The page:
An important advantage of Yoctopuce serial interfaces, compared with RS-232, RS-485 or TTL serial interfaces found elsewhere, is the ability to define stand-alone jobs in the module, for example to query a sensor. This week, we're releasing new firmware for these modules, which facilitates debugging of these scripts, by enabling their progress to be traced in parallel with message exchanges.
If you're not sure what you can and can't do with a communication job on a Yocto-RS232, Yocto-RS485-V2, Yocto-Serial, Yocto-SPI, or Yocto-I2C, start by reading the following posts:
- How to handle a serial protocol automatically
- Computations in Yoctopuce serial interface modules
- Sending values with communication modules
You'll find various examples on our blog, including the post published a few weeks ago which explained a rather elaborate case of configuring the Yocto-I2C to query a humidity sensor, transmit the measure to a CO2 sensor in order to obtain a humidity-compensated measure, and then retrieve the CO2 measure, all autonomously.
If you've ever used the job system, you've probably made a few mistakes when developing your scripts. And until now, error diagnosis has not always been trivial, to say the least: you essentially had to determine the origin of the error by seeing the last command sent by the job.
That's why we're bringing you this week's firmware update, which will make your life easier in a number of ways:
- You can now display the value of a job's variables in the module logs.
- When a job is running, the detail window displays, after each message exchanged, a trace of the job commands that were executed after the message was received. This is a kind of step-by-step debugging, displayed in real time, but also available afterwards.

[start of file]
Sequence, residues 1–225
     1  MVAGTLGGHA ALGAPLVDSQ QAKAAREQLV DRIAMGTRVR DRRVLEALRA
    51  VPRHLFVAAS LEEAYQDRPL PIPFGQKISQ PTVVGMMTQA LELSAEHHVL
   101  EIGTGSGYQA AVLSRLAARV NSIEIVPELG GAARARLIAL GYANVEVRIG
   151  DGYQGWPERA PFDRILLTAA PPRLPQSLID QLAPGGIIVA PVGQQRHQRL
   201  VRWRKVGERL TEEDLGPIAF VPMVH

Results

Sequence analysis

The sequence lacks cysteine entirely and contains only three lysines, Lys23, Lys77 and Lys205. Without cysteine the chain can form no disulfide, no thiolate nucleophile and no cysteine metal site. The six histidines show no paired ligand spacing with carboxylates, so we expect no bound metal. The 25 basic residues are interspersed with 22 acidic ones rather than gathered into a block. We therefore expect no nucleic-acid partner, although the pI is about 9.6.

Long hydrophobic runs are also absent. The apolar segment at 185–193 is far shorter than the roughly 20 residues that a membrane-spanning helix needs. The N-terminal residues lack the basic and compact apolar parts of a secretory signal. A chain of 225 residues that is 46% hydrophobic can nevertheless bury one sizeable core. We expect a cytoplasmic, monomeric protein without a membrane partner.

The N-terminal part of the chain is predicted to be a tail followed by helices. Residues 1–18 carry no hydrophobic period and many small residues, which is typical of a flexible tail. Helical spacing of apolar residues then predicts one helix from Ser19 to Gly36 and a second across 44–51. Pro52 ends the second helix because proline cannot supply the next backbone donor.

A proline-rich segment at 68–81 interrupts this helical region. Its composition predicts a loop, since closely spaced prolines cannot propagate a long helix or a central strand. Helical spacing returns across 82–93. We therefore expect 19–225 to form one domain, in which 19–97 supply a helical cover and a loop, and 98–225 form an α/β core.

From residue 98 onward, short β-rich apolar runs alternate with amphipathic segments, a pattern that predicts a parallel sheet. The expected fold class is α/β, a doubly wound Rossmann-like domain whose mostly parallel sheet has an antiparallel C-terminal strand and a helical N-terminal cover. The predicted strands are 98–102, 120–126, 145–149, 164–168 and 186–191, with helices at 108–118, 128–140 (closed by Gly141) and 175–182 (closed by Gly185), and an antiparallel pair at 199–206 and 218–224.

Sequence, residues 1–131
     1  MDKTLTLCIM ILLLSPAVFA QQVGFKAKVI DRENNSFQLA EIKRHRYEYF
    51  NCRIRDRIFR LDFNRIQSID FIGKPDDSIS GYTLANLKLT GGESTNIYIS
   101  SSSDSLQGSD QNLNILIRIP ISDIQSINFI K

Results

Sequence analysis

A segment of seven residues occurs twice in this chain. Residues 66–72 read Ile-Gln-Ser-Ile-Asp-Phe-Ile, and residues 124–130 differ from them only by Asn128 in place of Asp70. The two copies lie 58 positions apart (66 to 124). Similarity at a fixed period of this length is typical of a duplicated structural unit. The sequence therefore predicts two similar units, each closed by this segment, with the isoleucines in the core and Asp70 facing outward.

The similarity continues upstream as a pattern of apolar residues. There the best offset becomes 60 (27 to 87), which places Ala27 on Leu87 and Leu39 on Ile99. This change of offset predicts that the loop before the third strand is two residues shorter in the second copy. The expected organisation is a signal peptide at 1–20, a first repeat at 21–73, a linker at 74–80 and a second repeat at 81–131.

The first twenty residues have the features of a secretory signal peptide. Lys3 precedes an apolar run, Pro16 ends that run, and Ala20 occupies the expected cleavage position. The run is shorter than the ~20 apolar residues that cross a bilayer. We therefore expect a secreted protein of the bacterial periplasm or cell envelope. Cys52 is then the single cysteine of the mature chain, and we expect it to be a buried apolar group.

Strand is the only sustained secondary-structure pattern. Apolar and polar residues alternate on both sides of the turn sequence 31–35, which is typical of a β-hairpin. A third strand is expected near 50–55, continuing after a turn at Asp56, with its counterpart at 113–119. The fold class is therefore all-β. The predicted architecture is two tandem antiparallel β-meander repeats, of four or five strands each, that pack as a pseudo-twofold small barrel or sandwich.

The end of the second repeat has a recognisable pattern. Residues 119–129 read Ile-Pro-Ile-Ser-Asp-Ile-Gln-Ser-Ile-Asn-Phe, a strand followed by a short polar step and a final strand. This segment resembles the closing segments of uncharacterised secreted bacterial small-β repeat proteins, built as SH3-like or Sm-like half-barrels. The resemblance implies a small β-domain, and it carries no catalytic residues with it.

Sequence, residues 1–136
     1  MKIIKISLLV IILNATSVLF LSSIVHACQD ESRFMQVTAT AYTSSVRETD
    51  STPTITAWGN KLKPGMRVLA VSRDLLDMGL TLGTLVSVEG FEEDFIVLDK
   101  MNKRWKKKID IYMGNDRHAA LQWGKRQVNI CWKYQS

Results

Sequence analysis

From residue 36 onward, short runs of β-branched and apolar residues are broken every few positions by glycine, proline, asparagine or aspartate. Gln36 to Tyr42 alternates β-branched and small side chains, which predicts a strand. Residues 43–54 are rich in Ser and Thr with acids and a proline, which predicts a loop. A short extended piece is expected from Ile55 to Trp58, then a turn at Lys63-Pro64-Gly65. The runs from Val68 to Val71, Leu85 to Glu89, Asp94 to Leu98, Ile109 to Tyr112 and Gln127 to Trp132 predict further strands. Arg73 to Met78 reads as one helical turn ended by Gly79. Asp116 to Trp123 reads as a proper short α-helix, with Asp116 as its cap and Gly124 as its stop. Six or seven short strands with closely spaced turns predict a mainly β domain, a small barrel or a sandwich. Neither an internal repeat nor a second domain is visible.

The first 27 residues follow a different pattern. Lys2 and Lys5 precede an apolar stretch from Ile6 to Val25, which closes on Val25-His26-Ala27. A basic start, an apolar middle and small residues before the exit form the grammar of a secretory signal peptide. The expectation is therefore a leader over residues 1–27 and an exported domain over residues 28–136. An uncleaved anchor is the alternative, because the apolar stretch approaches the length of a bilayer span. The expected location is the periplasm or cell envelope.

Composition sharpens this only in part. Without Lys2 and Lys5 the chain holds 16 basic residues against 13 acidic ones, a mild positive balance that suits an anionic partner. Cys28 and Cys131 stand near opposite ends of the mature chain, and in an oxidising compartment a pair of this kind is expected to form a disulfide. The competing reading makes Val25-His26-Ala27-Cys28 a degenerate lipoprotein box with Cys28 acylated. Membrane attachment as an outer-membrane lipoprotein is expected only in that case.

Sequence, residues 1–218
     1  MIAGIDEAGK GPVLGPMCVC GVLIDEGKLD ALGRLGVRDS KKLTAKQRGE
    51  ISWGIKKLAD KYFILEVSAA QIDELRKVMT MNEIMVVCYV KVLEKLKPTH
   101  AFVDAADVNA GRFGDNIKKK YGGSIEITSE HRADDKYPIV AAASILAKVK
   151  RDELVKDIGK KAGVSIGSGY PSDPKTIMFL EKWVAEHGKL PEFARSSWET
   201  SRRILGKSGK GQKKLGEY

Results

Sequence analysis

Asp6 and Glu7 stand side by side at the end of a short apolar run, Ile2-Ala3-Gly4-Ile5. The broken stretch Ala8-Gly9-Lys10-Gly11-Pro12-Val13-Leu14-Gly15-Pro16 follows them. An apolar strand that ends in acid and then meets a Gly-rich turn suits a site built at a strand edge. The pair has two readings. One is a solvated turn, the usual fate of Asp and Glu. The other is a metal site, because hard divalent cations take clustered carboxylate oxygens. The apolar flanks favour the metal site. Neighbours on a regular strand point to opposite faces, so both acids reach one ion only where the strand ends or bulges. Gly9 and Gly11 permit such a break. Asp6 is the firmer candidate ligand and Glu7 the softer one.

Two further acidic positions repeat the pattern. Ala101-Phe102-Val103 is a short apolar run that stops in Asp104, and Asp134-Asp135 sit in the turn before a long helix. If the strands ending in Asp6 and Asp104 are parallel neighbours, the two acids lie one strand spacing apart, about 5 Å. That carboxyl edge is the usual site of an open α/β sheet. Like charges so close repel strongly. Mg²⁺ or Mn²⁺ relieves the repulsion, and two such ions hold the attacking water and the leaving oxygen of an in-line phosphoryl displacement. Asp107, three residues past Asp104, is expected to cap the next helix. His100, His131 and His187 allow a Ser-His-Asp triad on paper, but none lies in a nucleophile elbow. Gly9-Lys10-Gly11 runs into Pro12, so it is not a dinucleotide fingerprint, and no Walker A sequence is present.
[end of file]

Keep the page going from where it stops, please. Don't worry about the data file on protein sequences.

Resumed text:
Two further improvements have been made to facilitate job editing:
- It is now possible to reorder job commands with a simple drag-and-drop.
- For those who prefer to edit jobs in a text editor, the file saved by the Web interface is now formatted line by line, enabling fairly straightforward text editing.
Variable display in logs
The Log command, which adds a debug message to module logs, now performs the same substitutions as the writeVar command:
- ($x:INT) displays the value of variable $x as an integer (decimal)
- ($x:FLOAT) displays the value of variable $x as a real number
- ($x:BYTE) displays the value of variable $x as a hexadecimal byte (two hexadecimal digits)
- ($x:WORD) and ($x:WORDL) display the value of variable $x as a hexadecimal word (four hexadecimal digits). The suffix L allows display in little-endian format, i.e. with the most significant byte at the end.
- ($x:DWORD) and ($x:DWORDL) display the value of variable $x as a hexadecimal dword (eight hexadecimal digits). The suffix L allows display in little-endian format, i.e. with the most significant byte at the end.
Task execution trace
In the Web interface window that lets you view messages exchanged via the interface in real time, you can now follow the execution of the job's tasks in parallel, step by step. To the right of each message, if a job has progressed following the message, a small symbol (i) is displayed. Clicking on this symbol brings up a window which displays the job definition, and shows which steps of each task have been evaluated following this message, and in what order:
Job execution trace
This window then remains open until you explicitly close it, but its contents are updated every time you move the mouse over the (i) symbol of another message. In this way, you can trace the execution of the job as messages are exchanged:
Job progress tracking
As a bonus, when the step executed is an expect command to analyze a message, clicking on the analysis expression automatically launches the expression analyzer on the corresponding message:
Evaluating 'expect' expressions
This enables you, for example, to check the decoding of variables that has been carried out, or - in the event that an expect expression has failed - to find out precisely at which character in the message the evaluation of the expression has stopped.